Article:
The Art of Selling: 3 Secrets That Can Help You Double Your Income!
Patrick V. Valtin, President of M2-TEC USA, INC.
Patrick V. Valtin is a public speaker, writer, management coach/trainer. He has an extensive experience in the fields of Management consulting & training, and this on an international basis. His professional experience with US and European corporations plus his early background as a salesman gave him a strong taste for down-to-earth management principles which can be applied by pragmatic business owners around the world. Mr. Valtin has travelled in more than 30 countries over the last 20 years and has trained more than 60,000 people.
An MBA from USC in 1982 (Master of international Business Studies), he also graduated from the "Hubbard Organization Executive Course" in 1992, a specialized course for consulting the business owners and executives of small-to-medium sized companies.
Mr. Valtin is the author of the RECRUTECHtm System, a practical method of recruiting. He is also the author of the TRUST$ELLINGtm System, a down-to-earth method that can help boost any sales activity.
Mr. Valtin is currently Chairman of one of the biggest consulting & training firms in Belgium. He is also the President of The Hubbard Management Consultants Association in Europe, as well as a founding member of the Advisory Board for the Hubbard College of Administration, International (Los Angeles). He is also a member of the International Business Advisory Council for the Moore School of Business, University of South Carolina.
If you are a sales professional or an executive managing a sales team, the following tips will definitely allow you to have a different vision of your job. There are a lot of wrong opinions about this wonderful passion that selling is. If you look at the old definition of "selling" you realize that it had originally one meaning: to help. Then that definition was modified and its new meaning became "to cheat" or "to betray".
The image of selling has indeed become too much a negative one, where a sales professional would use many "tricks" in order to convince or influence the customer, many times for dishonest and only monetary purposes. The negative connotation of the word is even more stressed when almost everyone in the country has been cheated – at least once – by a salesman.
Yet as long as somebody has not sold something, nothing happens. As long as no sales occur in a business, no future and no survival can be guaranteed for that business. To put it straight Sales is where is starts!
My purpose in this article is to share with you the results of 20 years of observation, work and experience in the field of sales strategy. As a Hubbard Management Consultant I had a chance to evaluate and train more than 60,000 sales professionals in more than 20 countries. The areas of expertise of these people were extending from computer systems to industrial equipment or consumer products.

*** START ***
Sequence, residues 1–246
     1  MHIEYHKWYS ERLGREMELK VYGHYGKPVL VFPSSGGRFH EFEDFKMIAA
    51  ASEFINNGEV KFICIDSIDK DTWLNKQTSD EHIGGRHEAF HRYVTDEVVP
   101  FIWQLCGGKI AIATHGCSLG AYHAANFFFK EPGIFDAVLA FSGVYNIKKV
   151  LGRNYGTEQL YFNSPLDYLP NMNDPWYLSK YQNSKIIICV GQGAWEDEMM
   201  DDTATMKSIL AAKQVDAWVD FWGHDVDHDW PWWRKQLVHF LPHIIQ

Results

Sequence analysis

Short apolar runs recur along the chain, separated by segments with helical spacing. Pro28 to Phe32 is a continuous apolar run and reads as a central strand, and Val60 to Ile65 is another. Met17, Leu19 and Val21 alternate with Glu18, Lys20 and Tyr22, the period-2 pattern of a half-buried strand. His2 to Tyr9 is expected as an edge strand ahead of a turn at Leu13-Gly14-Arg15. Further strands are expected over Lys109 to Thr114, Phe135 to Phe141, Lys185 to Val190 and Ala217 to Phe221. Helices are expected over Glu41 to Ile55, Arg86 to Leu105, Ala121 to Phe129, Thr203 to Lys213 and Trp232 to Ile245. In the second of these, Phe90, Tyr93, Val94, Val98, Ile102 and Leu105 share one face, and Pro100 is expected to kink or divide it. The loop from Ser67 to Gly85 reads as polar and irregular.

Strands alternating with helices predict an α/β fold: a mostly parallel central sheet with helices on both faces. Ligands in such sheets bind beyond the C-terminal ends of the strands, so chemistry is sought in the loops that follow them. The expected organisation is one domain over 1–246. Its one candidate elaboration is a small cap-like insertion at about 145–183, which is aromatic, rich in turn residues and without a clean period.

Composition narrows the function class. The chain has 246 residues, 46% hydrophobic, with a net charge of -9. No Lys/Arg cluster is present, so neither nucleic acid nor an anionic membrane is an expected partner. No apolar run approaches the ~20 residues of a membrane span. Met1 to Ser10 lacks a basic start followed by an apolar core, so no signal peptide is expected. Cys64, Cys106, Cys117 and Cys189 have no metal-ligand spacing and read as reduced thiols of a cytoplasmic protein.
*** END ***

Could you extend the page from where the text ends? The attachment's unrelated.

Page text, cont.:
Observing and working with these people led me to detect progressively the attitude and behaviours of those who were much more successful than others. I was very interested to find out if one could define a routine "pattern" or "technique" used by top sales people in their approach. What are these top professionals doing that others are not? What tricks or what magic are they using that makes the customer wan to buy from them?
My conclusion was that selling had nothing to do with "special techniques" or any magic. The fact also that "one needs to be born a salesperson" in order to succeed proved very wrong in my own observations and evaluations. What follows is just a snapshot of these observations. See how it can apply to you. It does not matter what you sell, what matters is how you approach and consider the most important person: the customer. You will see that rather than applying any "secret techniques", great salespeople apply to themselves a unique philosophy: Selling is an art more than a profession. It requires first artistic skills, then professional competence. Great arts attract people; aesthetics attract attention. You want to know the difference between a skill and an art? Skills are developed in your head but art is developed in your heart... and that is where great salespeople make the difference!
I. Selling has nothing to do with your product or service
In today’s market conditions the customer does not buy what he needs; he buys what he wants. Desire is much stronger than need in a market place where the power of choice becomes more and more your biggest barrier to a close: what you sell can always be found in another store or from another supplier – often cheaper. So your job is to find out what can trigger an impulse or a strong, unbearable desire to make the buying decision in your favour. Your success in selling depends on your ability to make the customer want to buy from you and not from a (cheaper) competitor.
The first thing he buys has nothing to do with quality or warranty or even price. First he buys trust. He buys confidence about your ability and desire to help him resolve a problem or take advantage of an opportunity. If he does not trust you and does not feel confident with what you say he will go find what he is looking for at another place. The challenge for a sales professional is thus to demonstrate, early in the sales call, that you care more for him and for his sake (his wealth, his security, his comfort, etc.) than you care for money or the order.
II. Forget your arguments – that is not what makes the sales
Have an honest look at your best argument, the one that would beat all. No matter how good or how strong it is, chances are that your competition is using it too! Today, when the market becomes more and more driven by "power of choice" (of the customer), you can’t rely on any monopoly – or sense of, anymore. Now, what happens when the customer hears the same arguments, again and again, from different suppliers? How is he reacting to the same "sales pitch" coming from different sales people who "sell the same thing"?